Good afternoon CNU! We’re starting right into our third week of the Spring semester and many new and exciting things are coming up! Today’s blog post is all about the Society of Women Engineers, SWE for short. Last week, I had the privileged of talking to Professor Lynn Lambert, who is the faculty adviser for the new organization.

About SWE

SWE is an international organization that was established in 1950. Their mission is to: “Stimulate women to achieve full potential in careers as engineers and leaders, while demonstrating the value of diversity.” Professor Lambert mentioned that nationally, fewer than 20% of undergraduates in engineering are women and the disciplines in our department are especially affected. SWE was set up to give women a place to talk to other women engineers and form a community.

How SWE Came to CNU

CNU had the beginnings of a SWE years ago but it never really took off. This year, a few students came to Dr. Lambert and asked if they could get an organization started up. Department chair, Dr. Riedl supported the idea and at the first Pizza My Mind of the school year mentioned that if anyone was interested in such an organization to let him know! The department talked about several kinds of organizations since there are many out there that are similar but decided on SWE. “The incredible thing about SWE is that when we [Dr. Lambert on behalf of PCSE] wrote to them [SWE Hampton Roads], they mentioned that they would allow all six of our department’s majors to count for membership! This was the organization that allowed the most amount of CNU’s women to join and that was the main reason why it was chosen over the others.”

Hopes for the Future

“I really want the students to decide the direction that they want it to take. They have talked about several interesting ideas. We’re considering starting a mentorship program and already have a considerable number of professional mentors from industry and from federal labs who have volunteered to mentor our students. Some other members want to do an outreach program with girls scouts! There are many great ideas floating around, a few members want to do tours of labs and engineering/science companies and labs. I truly cannot wait to see how far SWE goes at CNU.”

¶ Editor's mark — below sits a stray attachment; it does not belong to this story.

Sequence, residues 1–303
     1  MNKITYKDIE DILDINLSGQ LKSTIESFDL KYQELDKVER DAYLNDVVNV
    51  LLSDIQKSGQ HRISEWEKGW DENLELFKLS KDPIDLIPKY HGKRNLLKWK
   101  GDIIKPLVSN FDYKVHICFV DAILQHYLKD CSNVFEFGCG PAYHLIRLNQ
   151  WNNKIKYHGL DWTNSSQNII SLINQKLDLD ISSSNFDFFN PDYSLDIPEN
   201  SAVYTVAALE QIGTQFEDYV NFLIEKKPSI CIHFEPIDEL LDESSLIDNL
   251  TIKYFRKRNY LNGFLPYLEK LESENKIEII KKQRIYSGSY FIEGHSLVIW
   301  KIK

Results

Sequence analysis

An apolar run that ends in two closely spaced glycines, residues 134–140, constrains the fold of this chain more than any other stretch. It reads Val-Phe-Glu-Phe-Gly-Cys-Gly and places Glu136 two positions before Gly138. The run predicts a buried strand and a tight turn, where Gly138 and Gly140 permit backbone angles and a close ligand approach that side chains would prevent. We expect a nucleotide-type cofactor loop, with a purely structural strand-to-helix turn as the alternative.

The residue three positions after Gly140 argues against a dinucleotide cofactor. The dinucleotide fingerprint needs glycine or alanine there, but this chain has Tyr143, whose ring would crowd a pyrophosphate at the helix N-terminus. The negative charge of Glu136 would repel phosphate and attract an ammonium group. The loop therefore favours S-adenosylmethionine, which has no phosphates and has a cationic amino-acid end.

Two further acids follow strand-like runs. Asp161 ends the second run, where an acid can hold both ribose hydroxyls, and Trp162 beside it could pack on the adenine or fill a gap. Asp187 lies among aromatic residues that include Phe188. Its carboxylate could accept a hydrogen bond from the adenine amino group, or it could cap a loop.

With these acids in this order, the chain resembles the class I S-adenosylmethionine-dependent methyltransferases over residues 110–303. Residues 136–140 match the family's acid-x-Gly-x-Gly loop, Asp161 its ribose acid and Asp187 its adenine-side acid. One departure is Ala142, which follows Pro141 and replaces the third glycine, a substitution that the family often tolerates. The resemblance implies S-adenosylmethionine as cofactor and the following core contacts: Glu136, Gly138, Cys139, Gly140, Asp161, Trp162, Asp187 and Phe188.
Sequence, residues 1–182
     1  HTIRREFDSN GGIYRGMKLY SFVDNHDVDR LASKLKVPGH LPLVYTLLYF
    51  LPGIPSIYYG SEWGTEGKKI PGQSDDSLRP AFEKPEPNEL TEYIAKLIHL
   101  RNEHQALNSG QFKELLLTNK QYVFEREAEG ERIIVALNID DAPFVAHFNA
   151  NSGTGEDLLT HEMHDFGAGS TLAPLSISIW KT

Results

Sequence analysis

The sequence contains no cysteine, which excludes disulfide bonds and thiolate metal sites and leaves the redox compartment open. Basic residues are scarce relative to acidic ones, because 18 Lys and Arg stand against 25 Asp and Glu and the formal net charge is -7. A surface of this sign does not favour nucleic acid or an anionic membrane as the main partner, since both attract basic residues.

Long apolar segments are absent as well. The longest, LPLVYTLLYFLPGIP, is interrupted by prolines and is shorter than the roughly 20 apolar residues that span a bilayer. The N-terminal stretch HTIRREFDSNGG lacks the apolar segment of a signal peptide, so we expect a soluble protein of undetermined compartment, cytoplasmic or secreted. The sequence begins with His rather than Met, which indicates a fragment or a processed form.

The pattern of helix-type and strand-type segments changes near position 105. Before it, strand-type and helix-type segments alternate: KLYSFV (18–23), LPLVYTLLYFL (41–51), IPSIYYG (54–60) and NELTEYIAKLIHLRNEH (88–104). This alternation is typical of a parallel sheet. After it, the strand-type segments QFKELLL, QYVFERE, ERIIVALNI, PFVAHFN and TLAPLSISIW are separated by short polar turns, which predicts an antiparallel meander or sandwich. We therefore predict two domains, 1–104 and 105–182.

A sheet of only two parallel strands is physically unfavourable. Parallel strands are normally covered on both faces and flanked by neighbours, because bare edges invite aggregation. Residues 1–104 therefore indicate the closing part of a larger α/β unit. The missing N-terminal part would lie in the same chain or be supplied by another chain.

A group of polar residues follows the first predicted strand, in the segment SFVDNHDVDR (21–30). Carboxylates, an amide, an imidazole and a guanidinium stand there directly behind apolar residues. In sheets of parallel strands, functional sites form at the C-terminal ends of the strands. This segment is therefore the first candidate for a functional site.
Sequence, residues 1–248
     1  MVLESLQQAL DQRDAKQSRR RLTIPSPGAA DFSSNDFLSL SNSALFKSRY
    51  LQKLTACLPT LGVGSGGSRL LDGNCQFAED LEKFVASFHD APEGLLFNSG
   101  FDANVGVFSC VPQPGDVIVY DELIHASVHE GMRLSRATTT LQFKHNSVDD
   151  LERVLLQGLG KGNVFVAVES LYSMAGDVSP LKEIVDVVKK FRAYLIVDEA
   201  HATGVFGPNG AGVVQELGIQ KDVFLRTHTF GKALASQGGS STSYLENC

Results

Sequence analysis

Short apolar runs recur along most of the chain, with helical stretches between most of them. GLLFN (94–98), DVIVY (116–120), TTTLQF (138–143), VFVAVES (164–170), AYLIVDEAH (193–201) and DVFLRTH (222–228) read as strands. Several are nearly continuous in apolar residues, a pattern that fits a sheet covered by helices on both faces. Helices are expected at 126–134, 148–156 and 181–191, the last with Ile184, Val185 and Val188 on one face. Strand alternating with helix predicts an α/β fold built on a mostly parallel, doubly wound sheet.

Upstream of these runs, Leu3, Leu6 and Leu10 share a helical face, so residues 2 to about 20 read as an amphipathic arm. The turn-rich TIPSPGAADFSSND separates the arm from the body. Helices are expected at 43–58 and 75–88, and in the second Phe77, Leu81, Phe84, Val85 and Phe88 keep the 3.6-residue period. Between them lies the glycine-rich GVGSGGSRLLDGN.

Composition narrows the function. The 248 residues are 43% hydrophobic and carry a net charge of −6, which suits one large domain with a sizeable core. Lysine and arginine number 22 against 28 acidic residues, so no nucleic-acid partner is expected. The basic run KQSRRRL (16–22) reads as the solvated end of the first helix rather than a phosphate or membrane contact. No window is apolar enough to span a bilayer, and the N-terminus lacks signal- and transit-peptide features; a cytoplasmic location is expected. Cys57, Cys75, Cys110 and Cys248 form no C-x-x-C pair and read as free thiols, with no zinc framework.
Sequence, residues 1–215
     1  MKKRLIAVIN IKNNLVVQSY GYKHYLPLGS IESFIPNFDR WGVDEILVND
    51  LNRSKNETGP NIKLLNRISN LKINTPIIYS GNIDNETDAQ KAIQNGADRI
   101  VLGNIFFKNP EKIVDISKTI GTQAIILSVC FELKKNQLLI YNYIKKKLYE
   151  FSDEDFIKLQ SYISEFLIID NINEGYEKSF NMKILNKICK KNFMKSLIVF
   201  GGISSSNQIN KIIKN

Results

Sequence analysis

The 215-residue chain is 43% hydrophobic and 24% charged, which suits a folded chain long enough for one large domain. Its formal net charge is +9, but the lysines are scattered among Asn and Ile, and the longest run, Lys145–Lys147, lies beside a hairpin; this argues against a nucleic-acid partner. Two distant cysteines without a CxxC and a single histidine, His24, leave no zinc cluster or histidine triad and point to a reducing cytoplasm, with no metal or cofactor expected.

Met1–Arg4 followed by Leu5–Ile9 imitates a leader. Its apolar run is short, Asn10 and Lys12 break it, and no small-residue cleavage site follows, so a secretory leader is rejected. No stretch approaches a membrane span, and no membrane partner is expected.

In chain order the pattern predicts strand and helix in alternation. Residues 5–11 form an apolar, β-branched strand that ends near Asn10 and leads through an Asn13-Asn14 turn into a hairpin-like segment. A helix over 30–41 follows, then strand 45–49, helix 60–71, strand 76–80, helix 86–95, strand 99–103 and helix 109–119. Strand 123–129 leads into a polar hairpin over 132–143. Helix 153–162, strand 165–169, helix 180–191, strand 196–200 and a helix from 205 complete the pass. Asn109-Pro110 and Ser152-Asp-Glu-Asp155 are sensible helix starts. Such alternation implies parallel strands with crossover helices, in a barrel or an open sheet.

Last Friday, SWE hosted a kickoff meeting in the DSU. The young women within the department who expressed interest in the organization were there along with some professors. SWE also invited women who are a part of a SWE organization that have graduated with a degree in engineering. There were two guest speakers (pictured above on both sides of Dr. Lambert) who spoke about their experiences with SWE and all the wonderful things that it has brought into their lives. It was at this kickoff event that I had the opportunity to talk to Haley Currence (pictured below on the right), president of the new SWE chapter at CNU. Currence is a part of the class of 2019 and working towards her degree in computer engineering!


The Process

“In April, the SWE chapter at CNU will officially be chartered! When we were trying to get enough members to make SWE an official club at CNU, both CNU and SWE asked for a minimum of 10 women to get the club started. It was an incredible feeling when we got the notification that 22 women in the department showed interested in being a part of this and signed up. I was really overwhelmed in the beginning because it was just an idea that we had, we never truly thought that we would be starting a major club at CNU. This organization could be on campus for years to come and it’s surreal thinking that I was a major part of getting it started. I am beyond honored to have been a part of this.”

The Importance

“Being women in this department, it’s tough. It’s like being a minority on top of being another minority. I would like to see a support system built through this organization. I really want to emphasize the importance of unconditional support to the women and sticking together in a male dominate department. I would like this organization to encourage female students to not sit quietly and let male classmates next to her answer the question. I would like to see this organization build a community that empowers women to be courageous and be proud of being smart. We’re engineering majors, and that’s pretty awesome.”

What You Missed at Pizza My Mind

Happy Monday Captains!! I hope that everyone’s ready to get back into the swing of things after a cold weekend in. Last Thursday’s Pizza My Mind seminar was presented by the MITRE Corporation. MITRE is a non- profit company that provides defense and intelligence, aviation, cyber security, homeland security solutions and much more!